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How to make an effective checklist

Making a checklist is a superb way of taking control of your life and making good decisions. However, just the act of writing a checklist will probably not get you far. If done right and with a few key components, you can make one successful decision after another, and prevent your life from becoming an overwhelming, unproductive and unhealthy ordeal. So, here are the most important elements that every checklist should have:

  1. The Why:

Start by asking why you need to write a checklist. Some of the common reasons are because there’s not enough time to accomplish everything to be done or there’s a huge life decision to be made and you have no idea where to start. Alternatively, you could be feeling increasingly forgetful or severely disorganised and decide that enough is enough! Well, these are pretty good reasons to start a checklist.

However, these are not the only reasons. You also need to ask yourself why you want to use a method of list-writing and what you are hoping to achieve by the end of it (the good thing is that you can also list this down). Try thinking about why you are considering a list and exactly how it can help you achieve what you wish to. This act gives your list-making purpose, and anything that has purpose creates motivation.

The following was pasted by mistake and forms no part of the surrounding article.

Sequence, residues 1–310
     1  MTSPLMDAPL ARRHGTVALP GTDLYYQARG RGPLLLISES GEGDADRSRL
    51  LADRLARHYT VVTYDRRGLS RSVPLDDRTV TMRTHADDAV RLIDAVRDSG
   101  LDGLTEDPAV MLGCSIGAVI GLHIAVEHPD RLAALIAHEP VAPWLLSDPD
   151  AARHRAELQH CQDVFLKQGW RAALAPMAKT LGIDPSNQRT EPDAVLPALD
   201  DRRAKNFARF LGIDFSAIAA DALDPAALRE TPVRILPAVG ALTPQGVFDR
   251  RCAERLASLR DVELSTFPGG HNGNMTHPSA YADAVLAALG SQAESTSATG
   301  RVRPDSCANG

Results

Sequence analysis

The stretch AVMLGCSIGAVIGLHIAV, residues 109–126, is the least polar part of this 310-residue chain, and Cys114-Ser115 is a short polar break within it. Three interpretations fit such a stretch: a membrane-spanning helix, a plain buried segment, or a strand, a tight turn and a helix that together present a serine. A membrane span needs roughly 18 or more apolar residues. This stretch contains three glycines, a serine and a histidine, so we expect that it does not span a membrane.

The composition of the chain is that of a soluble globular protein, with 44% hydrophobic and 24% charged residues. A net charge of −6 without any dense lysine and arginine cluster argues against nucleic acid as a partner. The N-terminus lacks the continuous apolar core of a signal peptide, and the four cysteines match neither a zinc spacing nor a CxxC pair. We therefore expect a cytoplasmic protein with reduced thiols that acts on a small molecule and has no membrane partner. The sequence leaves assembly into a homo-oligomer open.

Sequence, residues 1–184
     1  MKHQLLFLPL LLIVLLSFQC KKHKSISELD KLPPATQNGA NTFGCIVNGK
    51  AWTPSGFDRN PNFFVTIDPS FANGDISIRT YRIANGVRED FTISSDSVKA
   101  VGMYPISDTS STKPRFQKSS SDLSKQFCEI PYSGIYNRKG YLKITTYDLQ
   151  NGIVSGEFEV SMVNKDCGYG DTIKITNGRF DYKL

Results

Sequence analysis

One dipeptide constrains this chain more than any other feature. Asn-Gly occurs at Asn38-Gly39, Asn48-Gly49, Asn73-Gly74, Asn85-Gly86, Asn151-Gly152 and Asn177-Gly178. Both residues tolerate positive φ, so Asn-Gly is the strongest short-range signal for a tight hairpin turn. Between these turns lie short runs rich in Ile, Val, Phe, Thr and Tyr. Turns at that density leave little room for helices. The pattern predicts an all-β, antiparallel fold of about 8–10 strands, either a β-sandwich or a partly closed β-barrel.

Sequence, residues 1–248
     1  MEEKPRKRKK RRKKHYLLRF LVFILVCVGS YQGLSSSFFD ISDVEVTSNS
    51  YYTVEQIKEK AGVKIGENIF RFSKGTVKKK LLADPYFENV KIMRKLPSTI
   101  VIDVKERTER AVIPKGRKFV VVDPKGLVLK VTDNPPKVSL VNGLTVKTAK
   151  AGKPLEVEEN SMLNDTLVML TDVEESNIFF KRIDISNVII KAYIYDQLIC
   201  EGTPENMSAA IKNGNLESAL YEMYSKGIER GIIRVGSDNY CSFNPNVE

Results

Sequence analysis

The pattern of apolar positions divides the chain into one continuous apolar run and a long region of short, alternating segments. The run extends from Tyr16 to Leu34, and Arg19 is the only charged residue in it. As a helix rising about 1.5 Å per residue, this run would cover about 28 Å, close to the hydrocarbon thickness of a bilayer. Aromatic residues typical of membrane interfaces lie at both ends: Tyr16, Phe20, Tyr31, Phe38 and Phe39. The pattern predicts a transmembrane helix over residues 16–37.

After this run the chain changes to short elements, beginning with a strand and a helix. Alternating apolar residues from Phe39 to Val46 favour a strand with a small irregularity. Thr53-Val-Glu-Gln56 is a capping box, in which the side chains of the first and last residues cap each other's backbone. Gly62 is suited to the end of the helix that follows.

1. Starting and Staying Consistent:

The next question that follows the why is the how: How to even start? Well, from experience we can tell you that actually starting is the hardest part. Once you get over that hurdle, then all you need is a framework or set of guidelines that can keep you consistent in your listing activities.

So, how do you start? Surprisingly, it actually doesn’t matter how you start – what matters is that you do. Some prefer writing down their guidelines first while others just word-vomit onto the page and think about organisations and frameworks later. Either way is perfectly okay, and you’ll see that once you make a start then it will become fairly obvious how to organise your list and create a good framework to keep updating it. For example, when you’ve put all the details down you can realise that actually a table-list is better or starting a running check-list for those items with no fixed deadline is a good idea. The end result will be that you probably have multiple lists but you will be more organised and feel less overwhelmed than when you hadn’t started.